11 May 2015

The Many Meanings of Safe Travels

Being at home can sometimes be just as dangerous as leaving it.  This is particularly so when becoming a victim of an accident,  illness, natural disaster or criminal act.  Here in Australia, we have often experienced natural disasters, and cultural ones.

Sometimes, people need to find the road to recovery.

Sometimes, people need to travel to escape drought, floods and fires.

Sometimes, travel becomes a language expedition.

Sometimes, the digital environment for travels is not safe.

Sometimes, the economic aspects of travelling are not as secure and stable as they could be.

In 1985, I spent Christmas in Kathmandu.  My travels had taken me overland from London during the preceding months.

I had seen many aspects of Nepal, and all the countries in between en route there.  Everyone in the group I was with had arrived safely. We had much to celebrate after an eventful ten week journey, even with gastrointestinal unpleasantness on more than one occasion.

My reasons for going on that journey were many.  Seeing the real world was what interested me, especially after working in the production of television news and current affairs.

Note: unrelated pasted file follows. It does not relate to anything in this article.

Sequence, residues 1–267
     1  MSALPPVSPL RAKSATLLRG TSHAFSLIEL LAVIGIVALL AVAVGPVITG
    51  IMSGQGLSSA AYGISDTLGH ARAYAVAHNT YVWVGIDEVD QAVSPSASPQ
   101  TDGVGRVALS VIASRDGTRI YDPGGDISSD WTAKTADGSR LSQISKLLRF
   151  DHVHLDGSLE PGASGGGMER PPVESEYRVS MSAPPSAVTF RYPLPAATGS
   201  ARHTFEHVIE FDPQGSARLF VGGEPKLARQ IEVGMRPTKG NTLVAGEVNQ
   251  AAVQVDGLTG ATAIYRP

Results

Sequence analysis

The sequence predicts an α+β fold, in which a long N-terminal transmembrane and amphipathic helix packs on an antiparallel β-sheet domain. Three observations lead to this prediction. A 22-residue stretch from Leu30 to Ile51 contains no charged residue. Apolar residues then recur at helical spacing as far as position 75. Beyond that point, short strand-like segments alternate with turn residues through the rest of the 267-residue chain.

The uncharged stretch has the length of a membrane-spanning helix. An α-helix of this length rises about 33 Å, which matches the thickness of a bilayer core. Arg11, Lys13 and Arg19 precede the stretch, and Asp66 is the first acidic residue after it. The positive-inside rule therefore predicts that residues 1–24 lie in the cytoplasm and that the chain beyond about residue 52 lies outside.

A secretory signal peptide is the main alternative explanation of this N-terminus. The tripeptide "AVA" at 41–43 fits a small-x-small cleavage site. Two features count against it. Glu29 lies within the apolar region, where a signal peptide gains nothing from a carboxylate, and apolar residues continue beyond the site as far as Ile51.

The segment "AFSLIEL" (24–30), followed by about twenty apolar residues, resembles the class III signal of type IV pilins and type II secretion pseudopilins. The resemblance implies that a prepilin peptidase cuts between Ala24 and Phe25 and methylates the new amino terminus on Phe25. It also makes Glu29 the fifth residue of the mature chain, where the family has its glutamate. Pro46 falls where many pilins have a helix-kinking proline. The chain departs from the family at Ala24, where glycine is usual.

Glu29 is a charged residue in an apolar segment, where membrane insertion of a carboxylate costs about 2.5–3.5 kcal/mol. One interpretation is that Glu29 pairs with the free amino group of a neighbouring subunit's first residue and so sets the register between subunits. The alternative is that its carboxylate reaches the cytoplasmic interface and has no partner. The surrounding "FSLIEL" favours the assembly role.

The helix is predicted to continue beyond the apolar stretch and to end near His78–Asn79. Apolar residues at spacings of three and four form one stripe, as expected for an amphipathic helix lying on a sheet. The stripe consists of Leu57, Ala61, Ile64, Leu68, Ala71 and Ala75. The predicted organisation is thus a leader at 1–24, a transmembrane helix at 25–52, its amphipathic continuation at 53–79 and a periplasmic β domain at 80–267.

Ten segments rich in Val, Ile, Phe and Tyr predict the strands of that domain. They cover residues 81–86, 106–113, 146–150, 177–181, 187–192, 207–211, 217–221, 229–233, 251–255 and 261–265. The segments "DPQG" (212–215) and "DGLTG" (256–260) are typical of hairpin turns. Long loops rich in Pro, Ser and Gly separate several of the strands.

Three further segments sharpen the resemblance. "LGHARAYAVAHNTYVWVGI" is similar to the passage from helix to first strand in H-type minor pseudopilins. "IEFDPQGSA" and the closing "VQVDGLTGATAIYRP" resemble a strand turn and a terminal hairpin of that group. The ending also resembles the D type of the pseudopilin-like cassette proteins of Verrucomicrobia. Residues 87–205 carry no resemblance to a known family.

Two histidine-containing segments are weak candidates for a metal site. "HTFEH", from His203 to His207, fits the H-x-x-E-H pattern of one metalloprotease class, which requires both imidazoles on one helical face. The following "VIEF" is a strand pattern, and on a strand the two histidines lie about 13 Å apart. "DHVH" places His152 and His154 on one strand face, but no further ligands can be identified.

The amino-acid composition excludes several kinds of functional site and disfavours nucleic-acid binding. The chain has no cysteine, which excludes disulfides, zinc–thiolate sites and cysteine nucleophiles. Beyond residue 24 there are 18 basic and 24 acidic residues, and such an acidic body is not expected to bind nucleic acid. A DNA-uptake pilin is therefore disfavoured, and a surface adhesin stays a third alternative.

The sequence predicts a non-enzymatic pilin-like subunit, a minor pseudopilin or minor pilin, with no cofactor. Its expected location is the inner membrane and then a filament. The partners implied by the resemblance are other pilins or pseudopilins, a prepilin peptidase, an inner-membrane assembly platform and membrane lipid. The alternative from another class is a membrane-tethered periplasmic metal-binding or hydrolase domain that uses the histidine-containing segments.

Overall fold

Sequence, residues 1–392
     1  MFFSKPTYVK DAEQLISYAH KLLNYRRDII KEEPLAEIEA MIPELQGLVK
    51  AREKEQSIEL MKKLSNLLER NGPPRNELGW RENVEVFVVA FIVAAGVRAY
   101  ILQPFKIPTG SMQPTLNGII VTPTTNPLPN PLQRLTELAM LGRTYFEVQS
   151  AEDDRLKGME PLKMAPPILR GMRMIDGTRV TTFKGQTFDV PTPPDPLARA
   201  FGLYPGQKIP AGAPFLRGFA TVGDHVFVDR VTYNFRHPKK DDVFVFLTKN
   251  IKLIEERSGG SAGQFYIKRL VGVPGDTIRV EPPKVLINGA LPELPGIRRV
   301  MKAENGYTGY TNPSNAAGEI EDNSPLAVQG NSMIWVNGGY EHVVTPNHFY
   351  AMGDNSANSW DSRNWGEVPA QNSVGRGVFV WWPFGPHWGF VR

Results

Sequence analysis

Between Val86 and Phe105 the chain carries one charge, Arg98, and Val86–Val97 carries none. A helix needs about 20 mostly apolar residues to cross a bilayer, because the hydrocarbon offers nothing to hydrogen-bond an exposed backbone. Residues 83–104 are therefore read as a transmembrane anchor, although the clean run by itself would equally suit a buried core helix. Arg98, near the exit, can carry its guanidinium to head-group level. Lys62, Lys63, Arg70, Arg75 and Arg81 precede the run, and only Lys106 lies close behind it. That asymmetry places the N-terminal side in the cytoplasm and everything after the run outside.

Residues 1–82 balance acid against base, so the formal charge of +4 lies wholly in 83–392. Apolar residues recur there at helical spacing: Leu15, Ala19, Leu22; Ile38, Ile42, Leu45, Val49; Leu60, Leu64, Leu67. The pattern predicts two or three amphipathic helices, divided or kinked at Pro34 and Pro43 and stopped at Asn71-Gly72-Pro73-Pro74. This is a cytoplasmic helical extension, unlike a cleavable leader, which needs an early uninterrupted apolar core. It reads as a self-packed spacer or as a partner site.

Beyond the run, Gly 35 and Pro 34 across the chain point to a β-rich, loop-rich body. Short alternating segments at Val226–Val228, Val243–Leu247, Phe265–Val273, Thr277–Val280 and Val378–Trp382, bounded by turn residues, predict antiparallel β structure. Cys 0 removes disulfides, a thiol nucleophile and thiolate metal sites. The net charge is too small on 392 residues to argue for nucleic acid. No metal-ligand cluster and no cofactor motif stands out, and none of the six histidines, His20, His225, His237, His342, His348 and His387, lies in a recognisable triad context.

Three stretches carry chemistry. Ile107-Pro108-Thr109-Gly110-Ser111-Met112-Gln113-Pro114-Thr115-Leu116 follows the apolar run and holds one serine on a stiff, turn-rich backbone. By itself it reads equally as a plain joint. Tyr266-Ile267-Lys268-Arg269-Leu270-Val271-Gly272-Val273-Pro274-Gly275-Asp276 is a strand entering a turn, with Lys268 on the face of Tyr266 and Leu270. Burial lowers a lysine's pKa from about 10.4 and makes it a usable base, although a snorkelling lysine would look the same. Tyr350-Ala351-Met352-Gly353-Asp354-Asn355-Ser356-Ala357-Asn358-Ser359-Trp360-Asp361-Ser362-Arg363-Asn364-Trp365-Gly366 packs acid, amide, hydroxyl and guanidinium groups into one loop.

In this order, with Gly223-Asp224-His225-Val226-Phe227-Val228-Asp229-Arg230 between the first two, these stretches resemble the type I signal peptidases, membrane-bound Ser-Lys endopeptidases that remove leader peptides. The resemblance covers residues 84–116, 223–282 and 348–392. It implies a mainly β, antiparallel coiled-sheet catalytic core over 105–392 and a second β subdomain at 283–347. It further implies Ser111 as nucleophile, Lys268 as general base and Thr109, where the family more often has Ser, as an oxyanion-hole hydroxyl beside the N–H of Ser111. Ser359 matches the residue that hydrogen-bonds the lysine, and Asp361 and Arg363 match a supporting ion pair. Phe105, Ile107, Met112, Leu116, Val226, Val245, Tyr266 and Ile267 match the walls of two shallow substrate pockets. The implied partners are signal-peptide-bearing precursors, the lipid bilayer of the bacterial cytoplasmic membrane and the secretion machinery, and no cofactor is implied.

Small screens show little more than snapshots, much like my grainy photographs of that time.  Finding the truth of the world is difficult when our minds are distorted by our own perceptions, impressions and expectations.

I know my travels have often been a mixture of the sublime, the superlative and the soggy.

I know I often reflect on the reasons for travels.

I know that your amazing journey into existence has not been quite the same as mine.

I know that I usually enjoy reflecting on times and places, regardless of whether I have experienced them or not.  Times can be remembered, imagined and even documented.  Places can be documented too, or at least the frozen moments in time in various places can be kept in some form.

The more I travel the more I think about the meaning of going home.  When travels are not as safe as we hope they will be, there may be no going home at all.

I have visited many places in the world where earthquakes have occurred and volcanoes have erupted. My good fortune is that I have never been in those places at such times. 

The roads in Australia are dangerous enough but often not as dangerous as those elsewhere.

Yet safe travels today also mean being able to maintain some privacy, especially to prevent identity theft.  I know that privacy and travel can mean different things to different people.  The Nepalese people I met certainly thought about privacy differently than I did.

The survivors of any sort of disaster are those who manage to escape danger.  It is well known that global prosperity means little to those who have lost everything.

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